To locals, the high mountain peaks are more than just breathtaking natural phenomena. Known as achachilas in Aymara and apus in Quechua, they’re also considered living beings inhabited by powerful spirits. As controllers of weather and the source of vital irrigation water, these mountain gods must be appeased with constant offerings and worship, since if angered they’re liable to send hailstorms, frost or drought to destroy crops.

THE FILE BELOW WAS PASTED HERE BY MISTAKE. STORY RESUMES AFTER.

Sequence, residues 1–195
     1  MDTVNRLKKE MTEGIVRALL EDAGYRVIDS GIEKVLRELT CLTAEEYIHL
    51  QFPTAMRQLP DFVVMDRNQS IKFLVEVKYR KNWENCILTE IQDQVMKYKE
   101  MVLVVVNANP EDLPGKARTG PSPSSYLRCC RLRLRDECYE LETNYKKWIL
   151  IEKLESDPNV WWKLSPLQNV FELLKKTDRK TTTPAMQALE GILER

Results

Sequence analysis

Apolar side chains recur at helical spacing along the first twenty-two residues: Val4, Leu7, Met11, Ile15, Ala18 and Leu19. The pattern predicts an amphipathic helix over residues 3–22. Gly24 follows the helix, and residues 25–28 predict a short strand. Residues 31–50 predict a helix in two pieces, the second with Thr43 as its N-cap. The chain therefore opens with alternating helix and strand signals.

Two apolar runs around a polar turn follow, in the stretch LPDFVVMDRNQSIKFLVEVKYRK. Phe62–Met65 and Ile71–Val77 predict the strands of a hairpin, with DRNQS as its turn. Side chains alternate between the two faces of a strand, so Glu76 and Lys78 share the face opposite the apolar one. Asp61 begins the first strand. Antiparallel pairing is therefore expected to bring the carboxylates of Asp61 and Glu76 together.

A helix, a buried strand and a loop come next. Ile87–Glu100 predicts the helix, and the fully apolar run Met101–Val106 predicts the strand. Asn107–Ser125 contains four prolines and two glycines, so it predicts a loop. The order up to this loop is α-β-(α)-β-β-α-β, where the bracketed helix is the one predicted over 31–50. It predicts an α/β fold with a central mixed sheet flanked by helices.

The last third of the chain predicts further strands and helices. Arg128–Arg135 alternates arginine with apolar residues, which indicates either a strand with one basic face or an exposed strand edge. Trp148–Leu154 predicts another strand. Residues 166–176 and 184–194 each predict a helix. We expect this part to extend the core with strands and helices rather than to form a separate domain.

At almost every high pass you’ll see stone cairns known as apachetas. As well as marking the pass on the horizon to make it easier for travellers to find, these apachetas are also shrines to the mountain gods. Travellers carry stones up to the pass to add to the apacheta, thereby securing the good will of the achachilas and leaving the burden of their worries behind. Offerings of coca and alcohol are also made at these shrines, which vary in size and form from jumbled heaps of rocks to neatly built piles topped by a cross, depending on the importance of the route and the relative power and visibility of the nearby peaks.